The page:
Nov 2019: New models of contracting in the NHS
Finding ways to integrate health services to make the best use of resources, reward the delivery of the best outcomes, address demand risk, and catalyse new configurations of providers has become an important policy priority in the English NHS following the publication of the Five Year Forward View (NHS England, 2014). This ambition is being realised through various policy developments which entail separate organisations working more closely together. Over the past few years in the English NHS there has been increasing interest in the use of new models of contracting to achieve these aims. These contractual models aim to incentivise providers of health and/or care services to work together to achieve a common aspiration. This report focuses on three such models: Alliance contracting, lead provider contracting and outcome based contracting.
This research project aimed to explore why NHS commissioners are choosing new models of contracting, the characteristics of these models, how they are used in practice, and the impact they are having. To meet these aims, the study addresses the following research questions:
- why commissioners choose particular models of contracting, and what they think such models can achieve
- in detail the characteristics of these new contractual documents, in particular how outcomes are specified and how financial risk is shared between the parties
- how the contracts are used in practice, in particular whether the contractual documentation is adhered to, and if not, in which ways it is not
- the strengths and weaknesses of the different contractual models, both in respect of encouraging cooperation between providers and achieving better outcomes
- how the NHS Standard Contract is used in conjunction with the new models of contracting, and whether any problems arise in attempting to do so
- how the new contractual models contribute to reconfiguration of services in local health economies
Our research suggests that while new models of contracting can play a significant role in facilitating the reconfiguration of services at a local level, and achieving ends key to the integration agenda such as making better use of resources, such contractual arrangements do not address the complex problems that organisations face when they attempt to work together. Consequently, they should be viewed as mechanisms which can help strengthen attempts to work collectively, but cannot overcome significant differences in individual organisations’ interests where these exist.
The study has a number of implications for policy and practice. These contractual arrangements cannot influence system design and regulation. The overall aim of agreeing the allocation of financial risk amongst providers is impeded by the payment systems to which providers are subject, and the individual accountabilities of providers for their own financial performance. These elements need to be addressed before the potential of such contractual models can be realised.
Furthermore the legislative framework in relation to procurement does not support inter-organisational co-operation. The findings suggest that the move to alter the procurement requirements as a result of the NHS Long Term Plan may ease this situation although the nature of the proposed ‘best value’ regime is not yet clear.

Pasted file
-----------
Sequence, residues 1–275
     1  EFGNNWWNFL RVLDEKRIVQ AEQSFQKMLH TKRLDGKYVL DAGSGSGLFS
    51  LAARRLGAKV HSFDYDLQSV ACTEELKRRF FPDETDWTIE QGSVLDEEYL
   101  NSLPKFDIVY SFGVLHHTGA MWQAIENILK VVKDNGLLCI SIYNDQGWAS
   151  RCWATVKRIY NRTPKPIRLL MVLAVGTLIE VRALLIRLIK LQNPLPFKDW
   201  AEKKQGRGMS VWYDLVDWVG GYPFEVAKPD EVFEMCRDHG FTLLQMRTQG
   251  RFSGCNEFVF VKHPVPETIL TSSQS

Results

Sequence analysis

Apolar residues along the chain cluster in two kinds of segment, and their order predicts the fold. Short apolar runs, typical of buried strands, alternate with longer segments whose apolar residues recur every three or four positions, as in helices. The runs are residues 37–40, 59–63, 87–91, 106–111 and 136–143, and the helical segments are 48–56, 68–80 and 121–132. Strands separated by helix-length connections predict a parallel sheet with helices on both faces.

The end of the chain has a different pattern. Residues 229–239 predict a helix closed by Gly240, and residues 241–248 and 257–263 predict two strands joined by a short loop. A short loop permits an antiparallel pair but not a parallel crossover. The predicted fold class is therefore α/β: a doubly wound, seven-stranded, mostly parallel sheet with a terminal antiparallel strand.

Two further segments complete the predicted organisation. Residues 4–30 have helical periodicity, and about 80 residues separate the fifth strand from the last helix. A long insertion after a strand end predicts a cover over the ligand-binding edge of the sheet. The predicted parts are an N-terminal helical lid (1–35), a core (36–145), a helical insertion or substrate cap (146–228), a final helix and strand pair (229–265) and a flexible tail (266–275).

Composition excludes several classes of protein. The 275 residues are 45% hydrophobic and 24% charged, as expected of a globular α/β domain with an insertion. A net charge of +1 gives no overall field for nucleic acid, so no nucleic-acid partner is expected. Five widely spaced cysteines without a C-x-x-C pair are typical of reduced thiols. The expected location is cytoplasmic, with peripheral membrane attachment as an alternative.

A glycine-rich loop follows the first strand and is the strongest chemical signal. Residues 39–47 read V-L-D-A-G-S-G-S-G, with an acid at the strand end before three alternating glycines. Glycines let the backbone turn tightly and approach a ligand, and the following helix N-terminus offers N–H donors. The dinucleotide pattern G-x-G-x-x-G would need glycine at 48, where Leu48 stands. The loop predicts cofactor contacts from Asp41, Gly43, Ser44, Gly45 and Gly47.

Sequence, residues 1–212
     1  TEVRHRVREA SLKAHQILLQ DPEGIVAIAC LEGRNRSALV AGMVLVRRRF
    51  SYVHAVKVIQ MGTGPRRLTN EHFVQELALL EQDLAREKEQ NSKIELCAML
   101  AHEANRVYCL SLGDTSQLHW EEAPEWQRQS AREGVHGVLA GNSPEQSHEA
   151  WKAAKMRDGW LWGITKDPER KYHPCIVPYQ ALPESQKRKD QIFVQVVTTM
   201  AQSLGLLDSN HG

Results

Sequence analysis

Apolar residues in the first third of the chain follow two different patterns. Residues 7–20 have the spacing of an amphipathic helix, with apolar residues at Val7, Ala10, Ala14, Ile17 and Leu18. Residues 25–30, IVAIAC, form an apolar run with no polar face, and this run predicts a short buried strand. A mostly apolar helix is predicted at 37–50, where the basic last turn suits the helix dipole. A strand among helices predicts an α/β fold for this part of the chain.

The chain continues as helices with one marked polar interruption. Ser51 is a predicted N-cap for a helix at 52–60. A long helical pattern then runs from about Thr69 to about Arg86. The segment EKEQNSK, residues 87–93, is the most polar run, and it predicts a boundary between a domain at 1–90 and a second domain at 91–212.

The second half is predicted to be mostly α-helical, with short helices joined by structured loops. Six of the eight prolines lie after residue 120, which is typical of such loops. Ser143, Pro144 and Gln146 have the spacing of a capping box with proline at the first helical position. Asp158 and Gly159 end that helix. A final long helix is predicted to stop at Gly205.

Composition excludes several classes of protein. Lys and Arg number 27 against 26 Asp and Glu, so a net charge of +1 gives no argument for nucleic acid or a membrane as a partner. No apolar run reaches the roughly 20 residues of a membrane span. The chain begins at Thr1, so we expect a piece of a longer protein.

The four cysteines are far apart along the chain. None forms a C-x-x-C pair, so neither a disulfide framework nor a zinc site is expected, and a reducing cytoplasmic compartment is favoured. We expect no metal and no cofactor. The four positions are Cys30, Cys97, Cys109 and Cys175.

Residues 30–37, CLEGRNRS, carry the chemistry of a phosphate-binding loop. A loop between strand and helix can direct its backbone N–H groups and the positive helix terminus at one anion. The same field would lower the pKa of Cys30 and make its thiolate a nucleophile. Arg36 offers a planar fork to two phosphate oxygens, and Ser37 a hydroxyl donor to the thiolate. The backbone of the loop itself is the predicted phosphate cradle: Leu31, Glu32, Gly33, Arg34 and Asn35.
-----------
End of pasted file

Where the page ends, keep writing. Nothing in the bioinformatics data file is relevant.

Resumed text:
In terms of practice, our findings suggest a number of recommendations for commissioners and providers who are considering using these new models of contracting. These include, in the precontractual period, clarifying the position of all parties regarding risk share capacity, considering the resource intensive nature of the contractual negotiations, and investigating and understanding the implications of third sector involvement. It is also recommended that commissioners and providers consider the following when deciding whether to use a new contractual model: issues of scale and scope in the light of findings that modest arrangements may carry practical advantages; the local context, in particular whether organisational interests are aligned and organisations are ready and willing to work together. If an Alliance model is being considered it is recommended that commissioners and providers should consider: the limitations of the Alliance approach in the NHS context; and the level of local support, in particular the existence of enthusiastic local leaders.
- Feb 2021: Integrated Care Systems interim report published
- Jan 2021: Stephen Peckham appointed to government select committee
- Dec 2020: Primary Care Networks: exploring primary care commissioning, contracting, and provision
- Nov 2020: Evidence on the impact of the Vanguard programme
- Nov 2020: Publication of ‘On Primary Care’
- Continuity of English primary care has worsened with GP expansions
- Oct 2020: NIHR Public Interest Group calls for a revamp of the UK's public health function
- Nov 2019: New models of contracting in the NHS
- Apr 2020: Commissioning Healthcare in England - Book Launch
- Nov 2019: Integrated Care Systems: What can current reforms learn from past research on regional co-ordination of health and care in England? A literature review
- Mar 2018: PRUComm Annual Research Seminar [Event]
- Apr 2016: The future of commissioning [Event]
- Mar 2016: Examining the impact of the Health & Social Care Act: Examining developments in the English health system from 2013-2015 [Event]
- Feb 2013: Healthcare Commissioning Seminar: A summary
- Feb 2013 PRUComm research seminar on healthcare commissioning [Event]
- Jun 2011: How can evaluation contribute to health policy in England? [Event]